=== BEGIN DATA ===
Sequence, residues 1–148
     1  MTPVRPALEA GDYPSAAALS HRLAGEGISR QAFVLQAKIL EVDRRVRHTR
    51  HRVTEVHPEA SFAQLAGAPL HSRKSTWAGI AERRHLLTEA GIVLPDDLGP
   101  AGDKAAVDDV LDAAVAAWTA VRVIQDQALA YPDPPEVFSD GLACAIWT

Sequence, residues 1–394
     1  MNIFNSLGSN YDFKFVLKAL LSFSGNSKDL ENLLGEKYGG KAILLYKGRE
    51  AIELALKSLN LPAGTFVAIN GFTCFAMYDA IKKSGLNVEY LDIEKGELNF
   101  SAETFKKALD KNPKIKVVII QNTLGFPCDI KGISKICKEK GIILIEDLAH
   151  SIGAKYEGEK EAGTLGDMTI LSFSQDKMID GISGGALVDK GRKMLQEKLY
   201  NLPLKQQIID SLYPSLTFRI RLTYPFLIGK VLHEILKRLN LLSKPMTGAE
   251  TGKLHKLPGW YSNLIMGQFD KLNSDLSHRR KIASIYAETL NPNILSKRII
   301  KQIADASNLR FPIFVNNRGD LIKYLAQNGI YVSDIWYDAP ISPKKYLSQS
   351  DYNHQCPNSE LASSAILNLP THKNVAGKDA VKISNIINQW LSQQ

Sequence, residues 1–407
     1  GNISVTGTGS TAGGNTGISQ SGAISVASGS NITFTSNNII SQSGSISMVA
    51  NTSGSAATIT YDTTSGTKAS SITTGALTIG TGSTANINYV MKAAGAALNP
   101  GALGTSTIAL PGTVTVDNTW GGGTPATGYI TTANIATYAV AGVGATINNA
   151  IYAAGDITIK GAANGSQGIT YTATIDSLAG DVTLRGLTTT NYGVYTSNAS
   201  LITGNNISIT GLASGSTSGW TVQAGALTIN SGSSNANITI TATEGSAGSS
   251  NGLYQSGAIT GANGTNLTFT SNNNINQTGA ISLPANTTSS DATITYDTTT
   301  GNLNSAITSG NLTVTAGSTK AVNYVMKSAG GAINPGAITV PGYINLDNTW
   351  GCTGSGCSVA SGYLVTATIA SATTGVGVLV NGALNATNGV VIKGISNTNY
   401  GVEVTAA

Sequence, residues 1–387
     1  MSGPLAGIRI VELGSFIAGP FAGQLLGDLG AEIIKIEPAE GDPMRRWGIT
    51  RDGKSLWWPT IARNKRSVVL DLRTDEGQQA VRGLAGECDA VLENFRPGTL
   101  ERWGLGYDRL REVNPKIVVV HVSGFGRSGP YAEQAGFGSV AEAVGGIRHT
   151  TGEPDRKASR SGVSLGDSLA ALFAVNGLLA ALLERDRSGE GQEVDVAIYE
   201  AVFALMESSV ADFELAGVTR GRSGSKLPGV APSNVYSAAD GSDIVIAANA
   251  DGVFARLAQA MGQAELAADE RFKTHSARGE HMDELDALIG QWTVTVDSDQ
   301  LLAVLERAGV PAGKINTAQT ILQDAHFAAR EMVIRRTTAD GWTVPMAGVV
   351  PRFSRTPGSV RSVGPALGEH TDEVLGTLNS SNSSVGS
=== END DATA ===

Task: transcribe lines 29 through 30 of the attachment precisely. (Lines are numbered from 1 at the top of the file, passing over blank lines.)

   201  AVFALMESSV ADFELAGVTR GRSGSKLPGV APSNVYSAAD GSDIVIAANA
   251  DGVFARLAQA MGQAELAADE RFKTHSARGE HMDELDALIG QWTVTVDSDQ